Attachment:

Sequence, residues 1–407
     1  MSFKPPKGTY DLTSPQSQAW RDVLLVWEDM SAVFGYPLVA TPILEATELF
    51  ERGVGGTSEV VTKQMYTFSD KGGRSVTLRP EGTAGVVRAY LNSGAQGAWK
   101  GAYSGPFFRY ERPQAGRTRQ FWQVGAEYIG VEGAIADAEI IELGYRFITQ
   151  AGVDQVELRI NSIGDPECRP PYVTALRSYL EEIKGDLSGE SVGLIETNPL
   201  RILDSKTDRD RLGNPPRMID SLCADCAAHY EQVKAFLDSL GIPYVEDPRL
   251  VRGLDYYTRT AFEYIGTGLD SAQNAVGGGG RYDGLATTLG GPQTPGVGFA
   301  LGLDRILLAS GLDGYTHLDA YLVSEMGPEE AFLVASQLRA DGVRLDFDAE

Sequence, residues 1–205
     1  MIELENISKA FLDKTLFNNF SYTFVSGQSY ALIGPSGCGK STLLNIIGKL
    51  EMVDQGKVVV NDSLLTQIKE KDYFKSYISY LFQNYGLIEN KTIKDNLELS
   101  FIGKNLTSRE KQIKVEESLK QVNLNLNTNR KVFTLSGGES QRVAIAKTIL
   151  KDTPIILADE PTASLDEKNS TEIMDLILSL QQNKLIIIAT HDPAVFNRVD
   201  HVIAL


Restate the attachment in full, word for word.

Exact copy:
Sequence, residues 1–407
     1  MSFKPPKGTY DLTSPQSQAW RDVLLVWEDM SAVFGYPLVA TPILEATELF
    51  ERGVGGTSEV VTKQMYTFSD KGGRSVTLRP EGTAGVVRAY LNSGAQGAWK
   101  GAYSGPFFRY ERPQAGRTRQ FWQVGAEYIG VEGAIADAEI IELGYRFITQ
   151  AGVDQVELRI NSIGDPECRP PYVTALRSYL EEIKGDLSGE SVGLIETNPL
   201  RILDSKTDRD RLGNPPRMID SLCADCAAHY EQVKAFLDSL GIPYVEDPRL
   251  VRGLDYYTRT AFEYIGTGLD SAQNAVGGGG RYDGLATTLG GPQTPGVGFA
   301  LGLDRILLAS GLDGYTHLDA YLVSEMGPEE AFLVASQLRA DGVRLDFDAE

Sequence, residues 1–205
     1  MIELENISKA FLDKTLFNNF SYTFVSGQSY ALIGPSGCGK STLLNIIGKL
    51  EMVDQGKVVV NDSLLTQIKE KDYFKSYISY LFQNYGLIEN KTIKDNLELS
   101  FIGKNLTSRE KQIKVEESLK QVNLNLNTNR KVFTLSGGES QRVAIAKTIL
   151  KDTPIILADE PTASLDEKNS TEIMDLILSL QQNKLIIIAT HDPAVFNRVD
   201  HVIAL